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Dram Shop Law

What You Need to Know Before Serving Alcohol at Your Holiday Party

By December 22, 2011 February 28th, 2019 No Comments

With Christmas and New Years right around the corner many people are getting ready for their annual holiday parties. However, hosts who serve alcohol need to take steps to limit their liquor liability and make sure they have the proper insurance coverage before the party begins.

Under Pennsylvania’s social host liability or “Dram Shop law”, a business or individual who gives alcohol to a visibly intoxicated person may be legally responsible for any damage that person might cause. While a social host may not be liable for injuries sustained by the drunken guest (as they are also negligent), the host may be held liable for third parties, and may even be liable for passengers of the guest who have been injured in their car.

Before planning a party in your home, it is important to speak with your insurance agent or company representative about your homeowners coverage and any exclusions, conditions or limitations your policy might have for this kind of risk. Homeowners insurance usually provides some liquor liability coverage, but it is typically limited to $100,000 to $300,000, depending on the policy and may not be enough.

If you plan to serve alcohol at a holiday party the Insurance Information Institute offers the following tips to promote safe alcohol consumption and reduce your social host liability exposure:

  • Make sure you understand your state laws. Before sending out party invitations, familiarize yourself with your state’s social host liability laws. These laws vary widely from state to state. Some states do not impose any liability on social hosts. Others limit liability to injuries that occur on the host’s premises. Some extend the host’s liability to injuries that occur anywhere a guest who has consumed alcohol goes. Many states have laws that pertain specifically to furnishing alcohol to minors.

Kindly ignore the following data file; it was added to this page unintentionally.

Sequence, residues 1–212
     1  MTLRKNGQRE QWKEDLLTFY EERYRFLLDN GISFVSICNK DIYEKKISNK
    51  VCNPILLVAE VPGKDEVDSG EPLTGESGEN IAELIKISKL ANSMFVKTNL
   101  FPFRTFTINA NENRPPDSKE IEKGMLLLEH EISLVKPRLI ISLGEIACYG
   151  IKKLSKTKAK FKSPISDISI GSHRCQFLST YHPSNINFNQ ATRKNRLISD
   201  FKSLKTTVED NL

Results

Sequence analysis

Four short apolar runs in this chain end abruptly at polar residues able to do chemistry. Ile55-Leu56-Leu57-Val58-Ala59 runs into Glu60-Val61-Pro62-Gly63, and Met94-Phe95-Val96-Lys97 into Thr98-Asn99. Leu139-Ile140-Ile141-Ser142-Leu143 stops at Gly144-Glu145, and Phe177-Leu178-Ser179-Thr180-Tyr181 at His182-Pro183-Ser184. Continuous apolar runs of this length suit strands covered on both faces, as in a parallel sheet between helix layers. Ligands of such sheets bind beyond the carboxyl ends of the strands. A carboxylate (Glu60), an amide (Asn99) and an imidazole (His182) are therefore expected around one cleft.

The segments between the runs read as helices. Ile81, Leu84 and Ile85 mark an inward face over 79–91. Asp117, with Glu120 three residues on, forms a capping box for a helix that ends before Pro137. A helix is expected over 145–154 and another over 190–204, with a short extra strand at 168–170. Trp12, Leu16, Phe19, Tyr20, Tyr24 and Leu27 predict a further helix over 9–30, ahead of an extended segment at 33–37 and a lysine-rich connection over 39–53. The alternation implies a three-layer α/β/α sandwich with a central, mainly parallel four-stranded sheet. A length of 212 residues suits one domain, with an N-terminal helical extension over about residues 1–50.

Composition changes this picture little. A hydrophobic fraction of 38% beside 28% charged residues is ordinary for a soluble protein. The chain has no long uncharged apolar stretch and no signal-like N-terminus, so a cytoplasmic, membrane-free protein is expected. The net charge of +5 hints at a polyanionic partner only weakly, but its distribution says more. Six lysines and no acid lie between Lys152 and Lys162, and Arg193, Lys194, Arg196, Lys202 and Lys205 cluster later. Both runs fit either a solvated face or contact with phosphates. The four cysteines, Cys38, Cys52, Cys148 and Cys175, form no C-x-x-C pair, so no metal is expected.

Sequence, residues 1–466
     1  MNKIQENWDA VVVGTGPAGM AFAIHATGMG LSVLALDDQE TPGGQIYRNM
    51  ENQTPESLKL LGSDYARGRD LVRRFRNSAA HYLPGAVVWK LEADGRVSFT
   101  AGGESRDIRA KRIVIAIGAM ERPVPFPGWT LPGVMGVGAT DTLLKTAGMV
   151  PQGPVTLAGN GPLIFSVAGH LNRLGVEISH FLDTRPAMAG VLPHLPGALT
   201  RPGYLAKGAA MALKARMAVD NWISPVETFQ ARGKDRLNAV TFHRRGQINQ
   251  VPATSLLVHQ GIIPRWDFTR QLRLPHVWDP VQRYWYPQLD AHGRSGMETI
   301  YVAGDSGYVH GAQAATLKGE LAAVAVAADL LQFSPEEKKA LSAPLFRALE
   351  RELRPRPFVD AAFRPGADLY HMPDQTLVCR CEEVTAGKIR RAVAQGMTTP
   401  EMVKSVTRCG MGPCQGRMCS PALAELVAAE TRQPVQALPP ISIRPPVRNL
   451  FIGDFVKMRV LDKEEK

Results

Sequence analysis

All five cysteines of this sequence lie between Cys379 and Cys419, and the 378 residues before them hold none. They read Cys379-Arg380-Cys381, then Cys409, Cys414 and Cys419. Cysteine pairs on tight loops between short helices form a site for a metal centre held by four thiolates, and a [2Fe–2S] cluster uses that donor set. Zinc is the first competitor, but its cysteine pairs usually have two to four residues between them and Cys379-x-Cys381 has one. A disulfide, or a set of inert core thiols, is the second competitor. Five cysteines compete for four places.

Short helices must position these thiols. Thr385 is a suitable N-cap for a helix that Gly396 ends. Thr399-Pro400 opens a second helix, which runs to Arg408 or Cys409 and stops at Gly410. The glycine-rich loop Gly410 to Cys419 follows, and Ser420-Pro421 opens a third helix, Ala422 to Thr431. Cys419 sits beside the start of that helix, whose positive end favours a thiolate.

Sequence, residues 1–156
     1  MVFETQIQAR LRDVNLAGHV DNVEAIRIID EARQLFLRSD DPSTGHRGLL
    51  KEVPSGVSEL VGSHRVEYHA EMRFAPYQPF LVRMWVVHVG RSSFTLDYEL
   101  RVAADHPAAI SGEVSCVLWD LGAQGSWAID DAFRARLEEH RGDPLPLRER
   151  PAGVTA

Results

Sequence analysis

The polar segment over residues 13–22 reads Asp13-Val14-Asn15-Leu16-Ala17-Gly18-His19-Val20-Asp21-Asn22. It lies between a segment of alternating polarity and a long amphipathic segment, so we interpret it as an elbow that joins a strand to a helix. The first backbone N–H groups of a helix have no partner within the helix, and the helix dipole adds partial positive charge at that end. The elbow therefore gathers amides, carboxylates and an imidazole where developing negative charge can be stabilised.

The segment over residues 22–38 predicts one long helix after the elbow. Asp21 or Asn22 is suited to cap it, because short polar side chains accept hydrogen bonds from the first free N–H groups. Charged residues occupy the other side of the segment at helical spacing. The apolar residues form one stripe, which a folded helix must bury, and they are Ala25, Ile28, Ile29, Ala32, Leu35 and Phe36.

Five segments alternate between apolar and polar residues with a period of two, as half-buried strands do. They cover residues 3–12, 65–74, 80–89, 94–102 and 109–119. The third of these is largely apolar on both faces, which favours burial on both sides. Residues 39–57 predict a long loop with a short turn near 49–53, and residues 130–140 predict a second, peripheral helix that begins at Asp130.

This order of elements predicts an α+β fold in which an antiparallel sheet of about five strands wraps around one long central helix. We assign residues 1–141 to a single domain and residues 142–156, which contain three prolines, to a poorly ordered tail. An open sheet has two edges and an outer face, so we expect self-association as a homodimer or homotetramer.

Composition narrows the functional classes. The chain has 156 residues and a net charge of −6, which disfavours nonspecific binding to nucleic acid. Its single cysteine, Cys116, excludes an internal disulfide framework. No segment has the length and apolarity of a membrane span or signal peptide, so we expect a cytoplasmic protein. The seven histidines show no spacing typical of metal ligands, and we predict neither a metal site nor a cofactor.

• Consider venues other than your home for the party. Hosting your party at a restaurant or bar with a liquor license, rather than at your home, will help minimize liquor liability risks.
  • Hire a professional bartender. Most bartenders are trained to recognize signs of intoxication and are better able to limit consumption by partygoers. 
  • Encourage guests to pick a designated driver who will refrain from drinking alcoholic beverages so that he or she can drive other guests home.
  • Be a responsible host/hostess. Limit your own alcohol intake so that you will be better able to judge your guests’ sobriety.
  • Offer non-alcoholic beverages and always serve food. Eating and drinking plenty of water, or other non-alcoholic beverages, can help counter the effects of alcohol.
  • Do not pressure guests to drink or rush to refill their glasses when empty. And never serve alcohol to guests who are visibly intoxicated.
  • Stop serving liquor toward the end of the evening. Switch to coffee, tea and soft drinks.
  • If guests drink too much or seem too tired to drive home, call a cab, arrange a ride with a sober guest or have them sleep at your home.
  • Encourage all your guests to wear seatbelts as they drive home. Studies show that seatbelts save lives.

 

Thus, if you are hanging out with a small group of friends for cocktails or throwing a big family bash, remember that a good host is a responsible host, and needs to take steps to ensure guests get home safely if they have been drinking. Have a wonderful and safe holiday season!